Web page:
Repair work is sapping firms' IT resources

Study finds that IT teams are spending a third of their time fixing bugs in existing software rather than building new apps to...

Study finds that IT teams are spending a third of their time fixing bugs in existing software rather than building new apps to improve the business

Application developers are spending more than a third of their time fixing bugs in software already in use, rather than producing new code to improve business functions.

A study of 600 IT technical services staff in large UK and US businesses found that some of the most skilled members of an organisation's IT team are spending a considerable part of their working week on maintenance rather than developing applications to drive business development.

The conventional wisdom of application development is that in-house programming teams add value to the business by writing bespoke software tailored to the businesses' unique selling point.

IT analysts commonly argue that business processes that are not unique should be developed externally. They advise users to consider using packaged applications such as an off-the-shelf enterprise resource planning product, or to outsource processes such as payroll administration.

The study, conducted by research firm Dynamic Markets for development tools company Identify Software, highlighted the impact bug fixing is having on software developers' time.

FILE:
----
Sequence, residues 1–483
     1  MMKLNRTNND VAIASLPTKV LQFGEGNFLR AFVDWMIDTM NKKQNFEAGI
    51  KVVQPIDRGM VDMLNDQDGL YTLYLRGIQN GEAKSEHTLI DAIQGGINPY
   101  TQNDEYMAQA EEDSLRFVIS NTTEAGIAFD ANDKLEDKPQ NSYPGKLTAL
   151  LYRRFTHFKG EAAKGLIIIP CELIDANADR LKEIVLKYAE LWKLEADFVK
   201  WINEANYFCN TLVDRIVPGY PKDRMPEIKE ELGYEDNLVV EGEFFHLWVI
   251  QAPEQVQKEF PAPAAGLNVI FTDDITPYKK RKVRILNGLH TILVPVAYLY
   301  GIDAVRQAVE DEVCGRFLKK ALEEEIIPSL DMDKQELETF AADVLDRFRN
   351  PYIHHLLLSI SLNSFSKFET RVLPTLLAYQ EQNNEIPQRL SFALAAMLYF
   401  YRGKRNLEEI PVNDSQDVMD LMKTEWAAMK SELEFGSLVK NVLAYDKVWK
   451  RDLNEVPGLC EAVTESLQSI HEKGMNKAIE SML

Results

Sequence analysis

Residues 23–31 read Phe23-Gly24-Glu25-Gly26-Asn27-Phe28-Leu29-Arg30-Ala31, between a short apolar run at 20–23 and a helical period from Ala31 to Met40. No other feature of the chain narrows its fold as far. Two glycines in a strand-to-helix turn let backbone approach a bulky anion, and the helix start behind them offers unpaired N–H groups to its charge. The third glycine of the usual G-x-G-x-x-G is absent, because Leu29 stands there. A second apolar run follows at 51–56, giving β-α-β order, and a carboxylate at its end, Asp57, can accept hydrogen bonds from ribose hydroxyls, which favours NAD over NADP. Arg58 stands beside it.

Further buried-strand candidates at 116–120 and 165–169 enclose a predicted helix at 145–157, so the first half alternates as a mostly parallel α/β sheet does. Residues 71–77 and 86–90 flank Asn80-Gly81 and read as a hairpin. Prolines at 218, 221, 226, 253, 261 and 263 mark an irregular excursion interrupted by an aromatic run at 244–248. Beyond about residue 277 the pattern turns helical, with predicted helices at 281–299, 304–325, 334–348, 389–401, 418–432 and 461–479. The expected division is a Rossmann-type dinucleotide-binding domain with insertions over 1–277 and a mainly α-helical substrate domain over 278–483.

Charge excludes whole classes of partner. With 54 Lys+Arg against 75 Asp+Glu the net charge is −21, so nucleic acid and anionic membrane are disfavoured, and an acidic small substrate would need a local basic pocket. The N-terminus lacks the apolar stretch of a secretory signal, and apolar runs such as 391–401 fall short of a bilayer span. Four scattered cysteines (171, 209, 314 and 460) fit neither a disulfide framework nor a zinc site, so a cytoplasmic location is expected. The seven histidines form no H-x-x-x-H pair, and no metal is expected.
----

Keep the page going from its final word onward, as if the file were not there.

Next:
Given that in-house development teams' rationale is to add business value, any time outside this remit could be seen as unproductive and a costly use of resources.

The research found that, on average, application developers spent 39% of their time finding and solving application problems on code that is already live and supporting business processes. Of the application developers surveyed, 51% spent at least 25% of their time finding and solving live problems, and 11% said they spent between 76% and 100% on this activity.

Only 75% of IT support staff and application developers questioned were aware of the number of people typically involved in fixing a single software problem. According to the report, the average number of people needed to fix a software problem is nine.

Cherie Taylor, managing director at Dynamic Markets, said one possible explanation for the results was the changing role of the application developer. "The IT director is very clear about the time being spent on problem resolution. The job specification of an application developer could be changing and problem resolution is now a key task."

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